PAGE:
“While they may not agree on every issue every time, a vast majority have supported him,” Miner said, adding that tea party groups “share the governor’s philosophy.”
Part of Perry’s challenge in Texas is the length of his tenure as governor. That alone is a strike against him for many tea party activists who are distrustful of government.
“More and more, I think tea parties are just skeptical of anyone,” said Felicia Cravens, a board member of the Houston Tea Party Society.
Cravens credited Perry for supporting the tea party movement when it began two years ago. The governor hosted a rally at the state Capitol and has since attended numerous tea party events, including a recent one held by the Houston-based King Street Patriots. It is among the largest tea party groups in the state and has worked with the governor.
Cravens hasn’t decided whether she will back Perry in the Republican primary, but she said he has her vote against President Barack Obama.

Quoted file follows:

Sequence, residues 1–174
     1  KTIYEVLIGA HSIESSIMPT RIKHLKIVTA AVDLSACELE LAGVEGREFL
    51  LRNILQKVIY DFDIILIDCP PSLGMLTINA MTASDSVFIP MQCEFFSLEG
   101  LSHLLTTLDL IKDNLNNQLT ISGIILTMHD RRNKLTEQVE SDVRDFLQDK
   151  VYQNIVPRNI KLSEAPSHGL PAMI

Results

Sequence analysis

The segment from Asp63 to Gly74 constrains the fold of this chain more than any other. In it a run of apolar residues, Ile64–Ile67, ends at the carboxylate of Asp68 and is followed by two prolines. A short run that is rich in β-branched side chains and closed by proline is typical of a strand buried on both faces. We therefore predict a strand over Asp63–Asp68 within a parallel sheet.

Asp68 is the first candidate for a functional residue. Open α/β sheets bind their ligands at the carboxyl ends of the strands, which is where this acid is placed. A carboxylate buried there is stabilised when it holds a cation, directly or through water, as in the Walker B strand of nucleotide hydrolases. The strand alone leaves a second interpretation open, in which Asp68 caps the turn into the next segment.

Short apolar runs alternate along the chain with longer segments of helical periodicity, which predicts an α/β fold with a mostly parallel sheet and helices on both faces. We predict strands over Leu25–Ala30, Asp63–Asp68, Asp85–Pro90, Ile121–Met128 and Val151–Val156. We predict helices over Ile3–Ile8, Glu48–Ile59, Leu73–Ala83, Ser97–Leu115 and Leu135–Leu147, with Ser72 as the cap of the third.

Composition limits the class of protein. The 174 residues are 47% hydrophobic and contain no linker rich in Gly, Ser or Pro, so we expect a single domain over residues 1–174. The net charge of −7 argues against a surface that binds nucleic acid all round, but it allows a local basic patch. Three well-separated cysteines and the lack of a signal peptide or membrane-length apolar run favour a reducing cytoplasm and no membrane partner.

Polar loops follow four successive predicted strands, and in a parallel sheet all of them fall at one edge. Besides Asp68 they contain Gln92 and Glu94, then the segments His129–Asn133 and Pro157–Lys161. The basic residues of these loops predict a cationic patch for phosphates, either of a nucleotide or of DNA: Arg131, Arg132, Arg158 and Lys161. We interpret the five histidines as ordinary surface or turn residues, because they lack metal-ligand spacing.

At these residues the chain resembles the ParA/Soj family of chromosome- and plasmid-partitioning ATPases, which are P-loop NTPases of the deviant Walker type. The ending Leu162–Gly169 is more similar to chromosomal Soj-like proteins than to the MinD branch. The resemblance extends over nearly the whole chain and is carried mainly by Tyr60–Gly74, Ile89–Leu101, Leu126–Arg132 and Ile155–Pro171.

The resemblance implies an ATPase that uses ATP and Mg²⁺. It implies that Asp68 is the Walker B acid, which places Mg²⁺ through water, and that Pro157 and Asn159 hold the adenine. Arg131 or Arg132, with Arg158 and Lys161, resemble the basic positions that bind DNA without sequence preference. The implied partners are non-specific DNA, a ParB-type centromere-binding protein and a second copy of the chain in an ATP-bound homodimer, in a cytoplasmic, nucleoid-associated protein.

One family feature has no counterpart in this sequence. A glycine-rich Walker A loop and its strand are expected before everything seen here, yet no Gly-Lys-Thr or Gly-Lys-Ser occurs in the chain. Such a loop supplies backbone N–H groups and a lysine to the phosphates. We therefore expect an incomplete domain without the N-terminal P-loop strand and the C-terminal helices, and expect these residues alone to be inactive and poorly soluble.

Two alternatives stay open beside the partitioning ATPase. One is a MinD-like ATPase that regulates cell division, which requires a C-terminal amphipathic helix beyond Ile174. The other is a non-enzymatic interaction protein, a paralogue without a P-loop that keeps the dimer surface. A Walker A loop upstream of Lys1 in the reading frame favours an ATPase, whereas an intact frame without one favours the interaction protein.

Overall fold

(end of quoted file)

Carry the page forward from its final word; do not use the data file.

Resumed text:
Tea partyers were split on whether to support Perry in his gubernatorial re-election bid last year. But plenty of them backed him, propelling him to victory.
Melissa Clouthier, a conservative blogger who frequently speaks to tea party groups, said she upset many of those groups by endorsing Perry.
“I think he is competent, experienced and conservative. ... For a politician, he’s really great,” she said. “It’s one thing to campaign very ideologically. It’s another to get policy done.”
Although fellow Texans may criticize Perry, Clouthier said other tea party activists are likely to support his views on states’ rights and low taxes.
“I think the tea parties, they are practical, too,” she said. “They want somebody who can win, and they want somebody who can govern.”
Former Sen. Scott Brown, R-Mass., candidate for U.S. Senate in New Hampshire, holds his hand over his heart during the singing of the national anthem as he waits to take the stage for his town hall campaign rally with Sen. John McCain at the Pinkerton Academy in Derry, N.H., on Monday, Aug. 18, 2014.